Skip to main content
Featured Image -- 15926

“Why Doesn’t My Husband Appreciate My Helpful Suggestions?”


If a husband has been feeling quite disrespected, he may be particularly sensitive to a wife’s unsolicited advice and suggestions. When a husband feels truly respected, he is usually much more open to his wife ideas, but wives may want to learn how to share their suggestions at the right time and in ways that feel respectful to their particular husbands. And, if the subject is an area of his expertise, he may be less receptive to suggestions if you are not well versed in that topic.

Husbands, you are welcome to share your ideas, suggestions, insights, and masculine wisdom with us on this issue. When and how might wives share suggestions in ways that feel respectful to their husbands? (I may share your suggestions in future posts or in a future book anonymously – so, if you do share, you are giving me permission to share your ideas in the future. A reminder, I am unable to publish comments from the manosphere, per my husband’s request.)


** This post is probably the best fit for women who tend to be outspoken, Type A, super helpful, assertive, etc…


Women often give suggestions and unsolicited advice to others because we believe that is the loving, helpful thing to do. We don’t usually intend to communicate that we think the other person is incompetent, we just want to share ideas so that our friends can have all the possible options and solutions available. We also often jump in to help others without being asked because we believe that is the loving thing to do. If a friend is washing the dishes and trying to calm a crying baby, many of us would say, “Hey, I’ll handle the dishes, you go take care of the baby,” and our friend would probably appreciate us stepping in to help when she was feeling overwhelmed.

Men don’t tend to give unsolicited advice or suggestions to others out of respect for them. (Gentlemen, you are welcome to expand on this for us, whether you agree or disagree.) They respect that others can handle things themselves unless they ask for help. For a man to swoop in and take over when someone didn’t ask for help would be to imply that he thinks the person is incompetent and unable to handle the situation. A man waits until someone asks him to help or until someone asks him for his expertise and advice. Then he is happy to help.


When a woman is feeling overwhelmed and juggling too many chores and responsibilities, she may expect her husband to jump in and help her without her having to ask for help. She may assume that he is unloving and uncaring if he sits and watches TV while she struggles to get everything done around the house and with the children. Meanwhile, her husband is treating her with respect, trusting that she is able to handle things herself and that if she cannot handle things, she will ask for his help.

If she doesn’t ask for help, he assumes she wants to handle everything herself and may be completely shocked when she is angry that he didn’t help her because she never asked him for help.

What Dr. Emerson Eggerichs says in “Love and Respect” is that sometimes women think they are being loving and helpful, but their husbands may interpret their motives, words, and behavior as disrespectful. And men may treat their wives respectfully, but their wives may interpret the respect as a lack of love. This is what helps us to get on the “Crazy Cycle,” where a wife’s disrespect fuels her husband’s lack of love, and his lack of love fuels his wife’s disrespect.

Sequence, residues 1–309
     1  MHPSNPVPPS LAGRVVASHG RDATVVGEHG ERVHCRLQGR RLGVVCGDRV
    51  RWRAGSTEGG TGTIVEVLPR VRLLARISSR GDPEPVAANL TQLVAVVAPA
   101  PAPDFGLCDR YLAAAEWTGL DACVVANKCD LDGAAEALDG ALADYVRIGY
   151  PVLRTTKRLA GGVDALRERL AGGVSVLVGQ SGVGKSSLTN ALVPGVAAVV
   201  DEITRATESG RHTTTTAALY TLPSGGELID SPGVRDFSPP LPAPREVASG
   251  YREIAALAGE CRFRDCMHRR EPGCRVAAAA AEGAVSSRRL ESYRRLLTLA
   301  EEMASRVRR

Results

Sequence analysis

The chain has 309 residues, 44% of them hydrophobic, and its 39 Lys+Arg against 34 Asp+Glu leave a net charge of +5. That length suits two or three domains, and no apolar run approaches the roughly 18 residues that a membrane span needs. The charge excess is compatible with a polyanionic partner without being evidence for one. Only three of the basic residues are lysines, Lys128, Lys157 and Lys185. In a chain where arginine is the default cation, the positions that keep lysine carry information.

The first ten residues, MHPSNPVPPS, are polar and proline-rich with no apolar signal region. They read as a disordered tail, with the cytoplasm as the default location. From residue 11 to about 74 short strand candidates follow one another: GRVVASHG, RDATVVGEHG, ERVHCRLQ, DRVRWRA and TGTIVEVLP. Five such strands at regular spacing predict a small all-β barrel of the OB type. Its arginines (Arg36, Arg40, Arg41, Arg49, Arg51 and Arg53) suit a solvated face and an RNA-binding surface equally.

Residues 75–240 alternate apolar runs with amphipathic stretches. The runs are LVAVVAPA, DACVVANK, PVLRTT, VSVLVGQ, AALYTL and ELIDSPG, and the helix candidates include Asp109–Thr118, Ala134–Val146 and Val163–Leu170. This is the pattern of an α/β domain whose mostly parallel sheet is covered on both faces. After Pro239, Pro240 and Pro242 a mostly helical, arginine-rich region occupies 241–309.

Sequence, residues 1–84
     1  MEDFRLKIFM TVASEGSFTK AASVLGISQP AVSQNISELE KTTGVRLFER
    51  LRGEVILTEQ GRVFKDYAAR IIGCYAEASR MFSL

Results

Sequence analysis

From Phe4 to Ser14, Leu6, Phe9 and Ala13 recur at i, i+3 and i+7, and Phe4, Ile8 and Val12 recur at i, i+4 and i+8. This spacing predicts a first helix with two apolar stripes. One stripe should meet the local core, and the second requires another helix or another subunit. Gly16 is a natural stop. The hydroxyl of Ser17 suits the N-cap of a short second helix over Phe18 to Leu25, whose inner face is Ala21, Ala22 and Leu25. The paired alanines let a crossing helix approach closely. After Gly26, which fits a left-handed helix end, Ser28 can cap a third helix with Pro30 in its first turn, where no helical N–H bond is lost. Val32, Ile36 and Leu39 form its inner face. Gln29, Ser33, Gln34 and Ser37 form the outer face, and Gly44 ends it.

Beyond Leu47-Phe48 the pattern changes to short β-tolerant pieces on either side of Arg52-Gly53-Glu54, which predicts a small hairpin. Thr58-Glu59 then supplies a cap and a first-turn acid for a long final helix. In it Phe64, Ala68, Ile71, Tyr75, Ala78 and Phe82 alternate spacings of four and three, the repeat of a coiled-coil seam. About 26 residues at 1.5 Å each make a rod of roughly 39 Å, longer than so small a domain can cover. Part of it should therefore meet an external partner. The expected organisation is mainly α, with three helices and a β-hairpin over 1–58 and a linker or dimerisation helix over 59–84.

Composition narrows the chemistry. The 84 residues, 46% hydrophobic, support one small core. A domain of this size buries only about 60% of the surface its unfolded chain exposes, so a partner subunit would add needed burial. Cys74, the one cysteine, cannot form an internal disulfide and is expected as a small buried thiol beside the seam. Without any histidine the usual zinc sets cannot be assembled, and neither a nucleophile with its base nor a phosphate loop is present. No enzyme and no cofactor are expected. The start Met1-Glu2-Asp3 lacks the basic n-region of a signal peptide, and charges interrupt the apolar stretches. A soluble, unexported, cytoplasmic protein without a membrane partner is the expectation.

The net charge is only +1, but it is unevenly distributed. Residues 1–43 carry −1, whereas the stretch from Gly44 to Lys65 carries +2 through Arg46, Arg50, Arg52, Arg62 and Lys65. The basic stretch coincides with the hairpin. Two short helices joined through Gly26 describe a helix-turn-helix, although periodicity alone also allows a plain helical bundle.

We can get back on the “Motivating Cycle” by wives purposely doing things that feel respectful to husbands or by husbands purposely doing things that feel loving to wives. Then a wife’s respect can motivate her husband’s love and a husband’s love can motivate his wife’s respect.

But, even if our spouse is unwilling to cooperate to get off of the “Crazy Cycle,” one spouse can seek to bless the other, regardless of the outcome just to please and honor Christ.


Before saying something to your husband – giving an idea or jumping in to help – consider whether you would be appreciative or offended if the most controlling woman in your life did the same for you?



Your baby is totally healthy and having a great day when he suddenly starts crying. Your mother (who tends to be rather controlling) jumps in to say,

“Did you feed him this morning? You never feed him enough, you know. The poor thing is probably starving.”

  • How would you feel about this particular suggestion from this particular person at this moment?
  • Can you hear how she is undermining your ability as a mom and that she is disrespecting you as a mother?
  • Does this suggestion (criticism) make you feel loved and supported by your mom or resentful and angry?
  • Would you appreciate her allowing you to assess the situation and take care of the baby yourself before she criticizes your parenting or jumps in to make suggestions?
  • What could she have done that would have actually been helpful?

This is how husbands often feel when wives jump in and say things like, “Well, did you test the car battery to see if it is dead? I bet that is the problem.” – when the car won’t crank. Many husbands would very much appreciate us giving them time to work through a problem themselves – this feels respectful to them – unless they ask us for our suggestions, particularly if it is something that falls under their list of responsibilities in the family.

Then when they DO work through the problems, we can thank them and show our appreciation for being the hero!

Don’t we tend to do this to God, too? (Check out the comments for more on this.)



What Is Respect in Marriage? – husbands share what is respectful to them

When the Van Battery Died – how I handled that situation

From Clark Kent to Superman

But I’m Right. I Know Best.

If You Insist on Being “in Charge,” He Figures You Can Protect Yourself

25 thoughts on ““Why Doesn’t My Husband Appreciate My Helpful Suggestions?”

  1. I would say one more thing for me is that I like to learn by experimenting rather than by being told.

    I would much rather discover that my way of loading the dishwasher didn’t get the dishes clean and make an adjustment rather than be told the proper way to load a dishwasher.